normally it takes 3 lemons to get an LED slightly glowing...
with this design you can make a single-lemon-powered flashlight that will run for weeks!!!
it was developed during the exhibition "Cooking and Constructing" at Platform21
joule thief design
Step 1: Prepare the components
- soldering iron
- steel scissors
- sanding paper
- AA battery (for testing)
- 1 kOhm resistor
- NPN transistor
- ferrite bead
- copper wire
- sheets zinc & copper
- white / blue LED
Step 2: Wind the transformer
1. take about 1.5-2 meters of copper wire, bend it in half and wind the coil with it. in this case it took around 50-60 windings arranged in two layers.
2. after the winding is done - cut the double end, so that you have 4 loose single tips.
3. clean the tips from the isolation lacquer with sanding paper
4. with a multimeter set on conductivity test, find two separate windings
5. twist two opposing ends of different windings into one contact
6. pre-solder the tips of the transformer.
your transformer is ready!
Step 3: Prepare the transistor
the middle one - goes straight backwards
the side ones - go forward and a bit more to the sides
afterwards - pre-solder all the legs
Step 4: Solder & test the joule thief
solder the resistor to the middle leg
the short leg of the LED (the minus) goes to the rightmost leg of the transistor, and the long (the plus) leg goes to the LEFTmost leg of the transistor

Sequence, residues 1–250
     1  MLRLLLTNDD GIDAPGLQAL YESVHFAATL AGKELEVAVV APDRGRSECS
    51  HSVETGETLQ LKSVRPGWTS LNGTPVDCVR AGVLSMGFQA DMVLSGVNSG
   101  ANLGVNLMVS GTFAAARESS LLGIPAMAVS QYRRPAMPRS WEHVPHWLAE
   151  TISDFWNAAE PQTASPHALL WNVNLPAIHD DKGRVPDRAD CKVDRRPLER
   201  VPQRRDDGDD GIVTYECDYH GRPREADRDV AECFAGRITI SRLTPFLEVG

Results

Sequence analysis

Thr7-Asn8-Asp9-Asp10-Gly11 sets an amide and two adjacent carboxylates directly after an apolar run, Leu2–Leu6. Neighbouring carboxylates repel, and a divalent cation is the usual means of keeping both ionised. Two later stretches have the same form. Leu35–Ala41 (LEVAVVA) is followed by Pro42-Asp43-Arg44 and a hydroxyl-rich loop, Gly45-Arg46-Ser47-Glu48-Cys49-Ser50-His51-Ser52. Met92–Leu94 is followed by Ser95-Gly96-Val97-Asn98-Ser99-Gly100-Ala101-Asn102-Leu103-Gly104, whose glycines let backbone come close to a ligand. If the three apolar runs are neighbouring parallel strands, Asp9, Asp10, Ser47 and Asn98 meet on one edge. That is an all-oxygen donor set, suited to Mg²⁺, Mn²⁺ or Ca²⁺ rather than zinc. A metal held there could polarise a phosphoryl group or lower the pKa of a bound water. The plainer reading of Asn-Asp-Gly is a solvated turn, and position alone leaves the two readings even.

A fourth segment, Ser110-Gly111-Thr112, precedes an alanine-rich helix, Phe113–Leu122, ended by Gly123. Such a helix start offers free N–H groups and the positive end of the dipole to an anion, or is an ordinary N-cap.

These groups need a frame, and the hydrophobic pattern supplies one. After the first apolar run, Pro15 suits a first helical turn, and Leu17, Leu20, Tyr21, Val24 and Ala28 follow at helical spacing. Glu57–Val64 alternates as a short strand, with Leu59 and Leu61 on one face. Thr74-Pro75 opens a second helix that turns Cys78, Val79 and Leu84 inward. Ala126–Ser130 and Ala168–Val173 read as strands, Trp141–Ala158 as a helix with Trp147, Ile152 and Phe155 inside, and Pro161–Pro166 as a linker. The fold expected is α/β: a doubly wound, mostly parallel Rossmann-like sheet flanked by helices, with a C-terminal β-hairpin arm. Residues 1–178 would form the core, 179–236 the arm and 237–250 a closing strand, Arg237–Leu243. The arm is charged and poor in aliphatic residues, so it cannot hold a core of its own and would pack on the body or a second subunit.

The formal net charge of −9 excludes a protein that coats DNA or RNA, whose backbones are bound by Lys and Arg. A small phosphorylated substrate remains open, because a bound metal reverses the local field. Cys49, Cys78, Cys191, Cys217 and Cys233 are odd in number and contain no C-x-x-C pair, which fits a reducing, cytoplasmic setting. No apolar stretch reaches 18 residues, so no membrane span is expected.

the transformer gets one of it's single-wire tips soldered to the loose end of the resistor, and the other single-wire tip goes to the long leg of the LED
to test the joule thief - connect the twisted end of the transformer to the plus of an AA battery, and the short leg of the LED - to the minus of the battery
if the LED doesn't light up - check your circuit
Step 5: Make copper electrodes
2. cut pieces that would fit nicely in your lemon
3. pre-solder spots on the electrodes
4. cut a length of copper wire about twice the length of you electrodes combined
5. remove the lacquer from the wire in the same way you did it for the transformer
6. solder the wire to the electrodes
7. check everything is soldered properly with the conductivity test
Step 6: Make zinc electrodes
1. process zinc plates with sanding paper
2. cut pieces approximately the same size as copper ones
3. make small in the top of every piece and bend them
5. prepare the wire in the same way as with copper electrodes
6. clamp the wire with zinc pieces using pliers
7. make the conductivity test
Step 7: Stuff the lemon
1. to reduce your lemon's internal resistance (thus boosting it's current output) you have to smash the lemon several times and roll it on the table until it's all soft an juicy inside
2. mark 8 cuts with as much space between them as the lemon size allows
3. make the cuts as vertical as you can and to the bottom of the lemon
4. insert electrodes in a sequence copper-zinc-copper-zinc... making sure that they don't touch each other
5. measure the voltage between electrodes
copper - "+", zinc - "-"
it should be around 0.8-1.0 Volts
6. measure short-circuit current output
in my case it was around 10 miliAmps - that's a lot for a lemon!